Rains Lucia Stern partners Mike Rains and Harry Stern scored a victory in the Ninth Circuit Court of Appeals this week in a very interesting case involving a lawsuit filed by a former officer named Angelo Dahlia. Dahlia sued as a result of claims of brutality and a cover-up during the investigation of a takeover robbery of the beloved Burbank bakery, Portos.
Mike and Harry were hired by the City of Burbank to represent Burbank Police Department Sergeant Edgar Penaranda. Dahlia sued Sgt. Penaranda, the City, the Chief of Police and a host of his other former colleagues alleging that they violated his First Amendment rights when he was placed on administrative leave after making some very serious and inflammatory claims about the conduct of his brethren at Burbank PD. For example, he alleged that when the Chief of Police learned that the suspects were still outstanding he exhorted his detectives to “beat another one until they are all in custody.” Frankly, Dahlia’s claims had the ring of someone who had watched too many episodes of “The Wire.”
A three-judge panel of the Ninth Circuit grudgingly upheld the Federal District Court’s grant of a motion to dismiss the case based on the Ninth’s prior holding in Huppert v. City of Pittsburg, 574 F.3d 696 (9th Cir. 2009). Under a line of U.S. Supreme Court cases culminating in Garcetti v. Ceballos, (2006) 547 U.S. 410, 421-22 it is fairly difficult for a public employee to obtain First Amendment protection.
The following five “tests” comprise the analysis: (1) whether the plaintiff spoke on a matter of public concern; (2) whether the plaintiff spoke as a private citizen or public employee; (3) whether the plaintiff’s protected speech was a substantial or motivating factor in the adverse employment action; (4) whether the state had an adequate justification for treating the employee differently from other members of the general public; and (5) whether the state would have taken the adverse employment action even absent the protected speech.
The Court in Dahlia opined that they had no choice but to follow the Huppert decision which held that police officers are acting as public employees when they report corruption because it is part of their duty to enforce the law. Huppert itself was based on a 1939 state court ruling that involved a quite different set of circumstances (officers could be terminated for “taking the Fifth” when subpoenaed to a Grand Jury).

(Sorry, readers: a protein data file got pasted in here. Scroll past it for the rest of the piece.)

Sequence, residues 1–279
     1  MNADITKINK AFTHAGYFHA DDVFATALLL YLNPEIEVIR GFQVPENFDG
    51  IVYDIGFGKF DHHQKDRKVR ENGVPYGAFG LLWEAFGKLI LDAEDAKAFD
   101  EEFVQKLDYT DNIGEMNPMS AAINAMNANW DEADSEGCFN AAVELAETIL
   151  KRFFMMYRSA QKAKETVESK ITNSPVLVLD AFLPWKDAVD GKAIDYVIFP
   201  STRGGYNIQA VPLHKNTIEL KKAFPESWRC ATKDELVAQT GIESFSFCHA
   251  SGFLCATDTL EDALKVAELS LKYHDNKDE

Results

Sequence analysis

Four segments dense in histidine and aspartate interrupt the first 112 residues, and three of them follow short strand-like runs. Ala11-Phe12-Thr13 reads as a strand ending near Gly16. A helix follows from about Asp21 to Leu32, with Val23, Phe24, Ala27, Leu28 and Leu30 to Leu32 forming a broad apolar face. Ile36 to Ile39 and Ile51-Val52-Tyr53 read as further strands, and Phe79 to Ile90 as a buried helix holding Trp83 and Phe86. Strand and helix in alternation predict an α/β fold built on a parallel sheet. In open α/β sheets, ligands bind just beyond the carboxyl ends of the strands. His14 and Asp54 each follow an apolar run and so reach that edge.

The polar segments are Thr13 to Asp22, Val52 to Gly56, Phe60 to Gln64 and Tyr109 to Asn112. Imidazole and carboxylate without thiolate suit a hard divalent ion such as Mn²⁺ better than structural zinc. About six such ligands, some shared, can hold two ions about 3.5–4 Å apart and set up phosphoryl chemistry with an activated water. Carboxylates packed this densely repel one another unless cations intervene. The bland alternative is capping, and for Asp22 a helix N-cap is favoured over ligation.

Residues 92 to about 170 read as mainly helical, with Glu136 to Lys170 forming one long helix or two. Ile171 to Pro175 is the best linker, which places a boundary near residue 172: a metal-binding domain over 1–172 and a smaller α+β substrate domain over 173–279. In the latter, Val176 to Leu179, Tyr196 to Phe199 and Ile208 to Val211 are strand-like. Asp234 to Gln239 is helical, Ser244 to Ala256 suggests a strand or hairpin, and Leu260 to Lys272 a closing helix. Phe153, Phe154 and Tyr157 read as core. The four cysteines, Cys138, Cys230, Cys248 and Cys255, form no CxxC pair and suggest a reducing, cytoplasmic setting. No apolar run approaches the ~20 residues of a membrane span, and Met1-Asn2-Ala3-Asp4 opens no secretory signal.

Thus the Ninth Circuit ruled that, like Huppert, Dahlia was essentially acting in the course and scope of his job as a police officer when he reported the Portos scandal. Accordingly, he was speaking as a public employee not a private citizen and thus, he failed to meet the legal threshold for making s successful First Amendment violation claim.
The Dahlia opinion offered some excellent dicta regarding the ability of those placed on administrative leave to seek redress. The Court found that being “walked out of the building,” to use police parlance, could well be considered an adverse employment action that is, therefore, actionable.
We were certainly gratified that the Ninth Circuit saw fit to affirm the dismissal of this suit against our client Edgar Penaranda who was falsely accused of serious misconduct (we secured the dismissal of a related state court action against him, as well). Yet, we wonder about the “staying power” of the Huppert decision in light of the Court’s “significant reservations” about its holding as well as the effect of the Huppert (and nowDahlia) case on legitimate criticisms expressed by peace officers about, for example, their corrupt and ineffective department administrations.